Back to school means many things for students; new clothes and shoes, a new book bag full of supplies, and getting back to friends. While all of those fun ventures of school lie on the surface, many kids go to school with lots of worry and anxiety. Many times, these worries are never verbalized, but rather internalized. “Will I know my teachers? Will I get lost? Will my friends sit at my lunch table? What if I miss my bus?” Some children are better suited to roll with the punches that come with school while others struggle with the changes and adjustment.Of course, anxiety is natural in these types of circumstances, but there are many ways to help combat the anxiety that may be overwhelming to students. As adults, whether we are a parent, teacher, or simply a part of a child’s life, it is very important to acknowledge the child’s feelings and normalize it without disregarding their feelings. Between grades, peer interactions, school projects, and testing in today’s classroom, there are many things that children have to worry about. It is easy to see that the pressures of being a child, teen, or young adult are changing much more rapidly than in the past.Here are a few basic tips to help fight off the back to school nerves:
- Sleep is the best defense! Begin to reinforce a healthy sleep pattern 2 weeks before beginning school again. 8+ hours is ideal for a school aged child.
- Setting a “power down” time for all electronics can be helpful to begin the sleep schedule as well.
- Practicing the dreaded wakeup call is also very helpful for the entire family.
- Planning outfits, packing lunches, and finishing homework is better suited to be completed the night before in order to allow for a smooth start to the day for everyone involved.
- Get acquainted! Visit the school with the student, attend orientations, and talk with the school counselor if you’re worried that the student’s jitters are more than just jitters.
- For young children, visiting the school multiple times is often available. Becoming familiar with the lunchroom, gym, etc. are simple ways to improve your child’s confidence in their ability to tackle the school year.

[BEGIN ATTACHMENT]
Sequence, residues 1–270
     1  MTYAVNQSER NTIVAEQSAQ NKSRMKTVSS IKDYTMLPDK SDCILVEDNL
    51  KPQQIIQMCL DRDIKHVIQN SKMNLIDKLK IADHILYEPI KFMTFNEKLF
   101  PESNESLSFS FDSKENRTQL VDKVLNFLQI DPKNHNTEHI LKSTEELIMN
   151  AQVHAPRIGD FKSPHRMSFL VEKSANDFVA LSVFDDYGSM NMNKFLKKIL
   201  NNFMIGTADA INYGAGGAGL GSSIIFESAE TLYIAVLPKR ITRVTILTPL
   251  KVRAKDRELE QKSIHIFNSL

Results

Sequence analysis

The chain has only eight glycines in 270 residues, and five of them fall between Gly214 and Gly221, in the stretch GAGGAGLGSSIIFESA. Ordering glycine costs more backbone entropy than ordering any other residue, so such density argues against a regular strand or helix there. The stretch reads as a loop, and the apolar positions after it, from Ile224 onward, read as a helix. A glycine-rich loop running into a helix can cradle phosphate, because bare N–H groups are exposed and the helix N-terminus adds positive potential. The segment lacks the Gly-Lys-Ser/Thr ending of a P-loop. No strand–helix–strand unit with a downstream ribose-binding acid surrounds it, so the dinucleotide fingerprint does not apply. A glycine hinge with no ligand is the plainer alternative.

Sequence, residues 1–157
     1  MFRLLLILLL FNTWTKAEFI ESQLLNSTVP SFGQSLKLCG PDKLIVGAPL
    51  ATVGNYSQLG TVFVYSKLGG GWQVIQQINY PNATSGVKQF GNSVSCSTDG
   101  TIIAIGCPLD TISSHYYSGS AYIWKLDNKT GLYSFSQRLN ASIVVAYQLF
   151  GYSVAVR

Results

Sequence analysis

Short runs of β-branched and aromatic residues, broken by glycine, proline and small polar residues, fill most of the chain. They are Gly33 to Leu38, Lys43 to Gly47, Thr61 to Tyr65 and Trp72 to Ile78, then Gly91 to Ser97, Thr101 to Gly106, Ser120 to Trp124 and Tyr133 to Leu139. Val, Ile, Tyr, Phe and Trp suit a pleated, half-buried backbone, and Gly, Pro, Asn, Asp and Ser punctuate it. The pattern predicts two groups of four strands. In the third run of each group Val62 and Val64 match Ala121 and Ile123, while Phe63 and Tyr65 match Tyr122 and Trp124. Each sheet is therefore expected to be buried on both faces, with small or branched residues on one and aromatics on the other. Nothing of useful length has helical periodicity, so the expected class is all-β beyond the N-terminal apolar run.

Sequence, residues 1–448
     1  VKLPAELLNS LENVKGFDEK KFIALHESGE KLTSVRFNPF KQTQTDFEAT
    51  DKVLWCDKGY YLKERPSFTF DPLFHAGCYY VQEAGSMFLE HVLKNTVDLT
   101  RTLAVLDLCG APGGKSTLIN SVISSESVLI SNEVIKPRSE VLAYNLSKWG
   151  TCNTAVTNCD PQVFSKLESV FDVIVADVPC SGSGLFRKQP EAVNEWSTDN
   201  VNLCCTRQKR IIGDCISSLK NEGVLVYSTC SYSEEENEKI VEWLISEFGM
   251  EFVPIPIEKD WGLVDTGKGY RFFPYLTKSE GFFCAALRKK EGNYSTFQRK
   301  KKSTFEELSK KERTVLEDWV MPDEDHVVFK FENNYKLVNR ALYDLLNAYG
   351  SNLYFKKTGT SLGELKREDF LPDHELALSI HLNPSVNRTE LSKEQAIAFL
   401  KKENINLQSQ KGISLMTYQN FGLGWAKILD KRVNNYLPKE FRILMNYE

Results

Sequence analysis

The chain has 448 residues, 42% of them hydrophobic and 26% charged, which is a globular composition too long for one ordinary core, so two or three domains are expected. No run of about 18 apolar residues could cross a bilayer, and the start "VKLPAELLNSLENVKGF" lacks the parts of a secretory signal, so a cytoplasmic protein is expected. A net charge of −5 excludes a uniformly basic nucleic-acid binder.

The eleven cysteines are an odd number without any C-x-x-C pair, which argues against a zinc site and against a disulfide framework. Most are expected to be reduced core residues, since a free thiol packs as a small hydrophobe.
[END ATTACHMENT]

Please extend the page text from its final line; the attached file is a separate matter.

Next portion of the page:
- Become familiar with your child’s teacher. Know how to contact the teacher and make him/her aware that you are involved and interested in anything that may pertain to your child’s wellbeing.
- Show Interest! Have a daily check in with your children, in other ways than “how was your day?” Often times, questions such as “what friends did you see at lunch?” or “what kind of fun stuff are you doing in art?” will yield more answers and information about the child’s day and mood than the basic questions.
- Check your own emotions. Although sending kids off to school is overwhelming for parents, always remember that your own emotions and reactions are easily transferred to these young eyes and ears who are trying to “learn how to react”. Instead, focus on the fun of a huge milestone in their lives!
Lacey Marks, MSW, LCSW is a Licensed Clinical Social Worker who provides Behavioral Health services for Primary Health Network. She joined PHN in October 2013. Lacey earned her Bachelor of Science in Social Work degree from Slippery Rock University, Slippery Rock, PA, and her Masters of Science in Social Work degree from Edinboro University, Edinboro, PA. She has two children ages 3 and 6, and in her free time, she loves quad riding and kayaking at her family camp.